That means, “I don’t want my boss to have less education than me”. What does it really matter whether they have more or less education than you? Do you have some kind of chip on your shoulder that you can’t work for somebody unless they’re smarter or they have more education?

The job description mentions weekend work. What do you mean by that?

If we can work is a concern for you and it was in the job description, you probably shouldn’t have applied to it. In this case, this one can be a fair question, under certain circumstances, but mostly, it’s not the best question to ask and you can do better.

Anything related to salary and benefits I think are fair again. But you have to ask them at the right time. So, if you sit down in the interview and one of your first questions is, “What’s the salary for this position?” then, it’s not a good question to ask at the time.

But the way to ask this question and there is a right time to do it and it’s as soon as they call you. When they reach out and they call you up on the phone and they’re like, “Hey, Don. We’re so-and-so from ABC Company. Would you be interested in coming in for an interview? At that time, I’ll ask them a few questions about the job and then asked ask them, “Has a salary range been determined for this position?” and that’s a nice way of saying, “How much does the job pay?” But I phrased it in a way that says, “Has a salary range been determined for the job?

Next one. How soon do you promote employees?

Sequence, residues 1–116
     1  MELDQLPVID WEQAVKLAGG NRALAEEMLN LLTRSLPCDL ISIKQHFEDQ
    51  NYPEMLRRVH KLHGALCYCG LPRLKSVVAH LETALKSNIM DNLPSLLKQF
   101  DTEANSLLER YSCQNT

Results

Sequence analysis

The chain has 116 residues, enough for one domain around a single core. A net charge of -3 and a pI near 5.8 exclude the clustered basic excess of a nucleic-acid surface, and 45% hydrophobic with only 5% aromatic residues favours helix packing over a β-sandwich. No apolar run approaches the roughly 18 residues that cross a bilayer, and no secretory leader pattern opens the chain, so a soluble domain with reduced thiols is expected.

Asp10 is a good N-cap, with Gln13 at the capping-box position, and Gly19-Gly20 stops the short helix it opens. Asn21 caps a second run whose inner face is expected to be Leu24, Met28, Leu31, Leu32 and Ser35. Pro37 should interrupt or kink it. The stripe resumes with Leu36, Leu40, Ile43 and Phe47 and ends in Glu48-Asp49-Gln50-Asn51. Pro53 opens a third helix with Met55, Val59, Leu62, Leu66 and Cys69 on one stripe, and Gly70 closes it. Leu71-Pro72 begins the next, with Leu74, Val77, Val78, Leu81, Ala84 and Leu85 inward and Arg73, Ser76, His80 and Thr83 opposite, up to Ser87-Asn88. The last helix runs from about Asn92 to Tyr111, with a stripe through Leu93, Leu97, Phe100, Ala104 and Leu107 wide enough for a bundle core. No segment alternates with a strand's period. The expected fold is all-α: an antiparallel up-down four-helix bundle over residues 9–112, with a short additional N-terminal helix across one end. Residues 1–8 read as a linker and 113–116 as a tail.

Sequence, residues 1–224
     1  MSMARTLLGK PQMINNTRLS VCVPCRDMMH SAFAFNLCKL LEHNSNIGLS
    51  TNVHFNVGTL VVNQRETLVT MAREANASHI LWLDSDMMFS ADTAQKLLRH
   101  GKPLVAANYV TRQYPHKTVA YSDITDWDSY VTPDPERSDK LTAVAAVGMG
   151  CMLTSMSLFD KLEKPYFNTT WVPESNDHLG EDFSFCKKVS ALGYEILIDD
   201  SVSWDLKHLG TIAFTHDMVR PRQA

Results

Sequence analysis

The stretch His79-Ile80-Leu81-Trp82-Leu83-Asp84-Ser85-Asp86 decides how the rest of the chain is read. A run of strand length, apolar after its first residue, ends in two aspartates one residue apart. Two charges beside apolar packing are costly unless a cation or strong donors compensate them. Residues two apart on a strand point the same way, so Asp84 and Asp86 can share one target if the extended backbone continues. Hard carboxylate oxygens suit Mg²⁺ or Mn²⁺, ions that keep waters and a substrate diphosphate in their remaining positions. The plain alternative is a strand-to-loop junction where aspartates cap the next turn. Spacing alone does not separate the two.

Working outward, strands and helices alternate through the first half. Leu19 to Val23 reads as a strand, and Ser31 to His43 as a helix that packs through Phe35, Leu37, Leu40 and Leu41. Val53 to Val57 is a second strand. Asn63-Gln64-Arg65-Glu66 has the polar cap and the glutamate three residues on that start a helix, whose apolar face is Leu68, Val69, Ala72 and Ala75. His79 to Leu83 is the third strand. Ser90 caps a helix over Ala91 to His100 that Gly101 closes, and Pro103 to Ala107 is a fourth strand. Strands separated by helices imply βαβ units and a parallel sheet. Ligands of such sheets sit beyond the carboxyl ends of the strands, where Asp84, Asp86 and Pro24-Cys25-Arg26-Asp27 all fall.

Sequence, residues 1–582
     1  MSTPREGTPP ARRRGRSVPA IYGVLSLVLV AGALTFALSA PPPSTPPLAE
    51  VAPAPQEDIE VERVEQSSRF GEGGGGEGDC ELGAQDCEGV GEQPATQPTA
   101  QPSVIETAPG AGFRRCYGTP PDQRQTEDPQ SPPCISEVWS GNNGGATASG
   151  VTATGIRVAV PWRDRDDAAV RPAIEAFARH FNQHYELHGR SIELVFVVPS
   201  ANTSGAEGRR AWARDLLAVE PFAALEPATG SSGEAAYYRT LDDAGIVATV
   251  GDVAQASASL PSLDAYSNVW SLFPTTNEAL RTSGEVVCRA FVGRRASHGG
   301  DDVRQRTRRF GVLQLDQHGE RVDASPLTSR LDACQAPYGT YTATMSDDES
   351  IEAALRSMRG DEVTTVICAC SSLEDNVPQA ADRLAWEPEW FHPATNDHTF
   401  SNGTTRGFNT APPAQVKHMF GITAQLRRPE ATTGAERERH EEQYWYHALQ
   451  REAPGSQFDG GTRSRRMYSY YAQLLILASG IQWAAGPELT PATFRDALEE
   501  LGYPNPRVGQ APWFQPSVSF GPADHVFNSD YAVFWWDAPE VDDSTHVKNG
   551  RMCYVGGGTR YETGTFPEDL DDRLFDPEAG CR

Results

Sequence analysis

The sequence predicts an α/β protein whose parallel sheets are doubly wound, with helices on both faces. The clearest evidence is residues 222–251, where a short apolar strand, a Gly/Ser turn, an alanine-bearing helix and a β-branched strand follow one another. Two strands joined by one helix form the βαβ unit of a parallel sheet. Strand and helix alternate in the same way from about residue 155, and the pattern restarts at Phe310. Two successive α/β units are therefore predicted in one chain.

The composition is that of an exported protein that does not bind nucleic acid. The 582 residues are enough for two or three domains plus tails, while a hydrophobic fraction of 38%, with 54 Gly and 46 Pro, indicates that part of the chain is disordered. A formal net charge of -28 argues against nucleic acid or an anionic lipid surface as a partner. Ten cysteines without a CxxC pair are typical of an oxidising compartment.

Again, a “Me type” question. You’re asking for more money, more benefits before you even have the job. What kind of message are you sending the employer by asking that question? Does that really help you qualify them as a place you want to work? Not at all; it’s a “Me type” question. Avoid it.

Next one. Can I arrive late, leave early as long as I make up the time?

Another “Me type” question. What are you really saying when you ask that question? You’re telling them that you might have a hard time getting your hours in for whatever reason; not the kind of person I want to hire. I’m not interested in interviewing or entertaining offers from somebody who’s already telling me that they want to leave early or come in late. Not the kind of games that I want to play with an employee. So, I would discount them right off the bat.

Before you ask any question, what is it that you want to hear? What answer needs to come out of their mouths to help you make a decision about whether you want to be here or not?

If you don’t know, if you’re just fishing and you’re just asking questions to ask questions, then you’re asking the wrong questions and I urge you, stay away from those.

I’ve got another video out here which talks about 12 great questions that you can ask an employer that is going to show them how interested you are and I’m going to queue that one up for you right after this one.

In closing; only ask questions that are going to help you make a decision about whether this is the place that is right for you. Ask them qualifying questions sand that’s what they’re doing to you. They’re asking you qualifying questions to see if you’re the right kind of person for them and you need to do the same.